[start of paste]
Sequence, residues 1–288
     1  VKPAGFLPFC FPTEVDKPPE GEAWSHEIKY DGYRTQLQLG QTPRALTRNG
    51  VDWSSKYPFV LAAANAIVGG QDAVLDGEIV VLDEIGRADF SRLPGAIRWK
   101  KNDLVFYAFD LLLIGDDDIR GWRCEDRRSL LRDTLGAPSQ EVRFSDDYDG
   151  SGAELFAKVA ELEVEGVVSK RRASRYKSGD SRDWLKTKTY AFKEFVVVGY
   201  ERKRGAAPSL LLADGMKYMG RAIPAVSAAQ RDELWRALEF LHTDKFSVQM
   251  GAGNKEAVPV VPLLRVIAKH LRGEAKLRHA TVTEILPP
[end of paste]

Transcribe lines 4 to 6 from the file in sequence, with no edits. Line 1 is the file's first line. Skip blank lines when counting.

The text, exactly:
   101  KNDLVFYAFD LLLIGDDDIR GWRCEDRRSL LRDTLGAPSQ EVRFSDDYDG
   151  SGAELFAKVA ELEVEGVVSK RRASRYKSGD SRDWLKTKTY AFKEFVVVGY
   201  ERKRGAAPSL LLADGMKYMG RAIPAVSAAQ RDELWRALEF LHTDKFSVQM